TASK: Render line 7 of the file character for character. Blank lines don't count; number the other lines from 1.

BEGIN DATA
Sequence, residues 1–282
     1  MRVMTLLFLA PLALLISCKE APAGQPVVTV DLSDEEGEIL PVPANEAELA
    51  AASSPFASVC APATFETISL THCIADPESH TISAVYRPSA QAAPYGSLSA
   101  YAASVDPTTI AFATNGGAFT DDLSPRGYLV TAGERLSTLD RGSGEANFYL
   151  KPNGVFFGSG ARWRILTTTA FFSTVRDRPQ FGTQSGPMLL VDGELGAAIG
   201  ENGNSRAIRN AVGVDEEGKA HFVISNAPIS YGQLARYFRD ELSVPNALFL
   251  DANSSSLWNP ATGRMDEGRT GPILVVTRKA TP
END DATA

   251  DANSSSLWNP ATGRMDEGRT GPILVVTRKA TP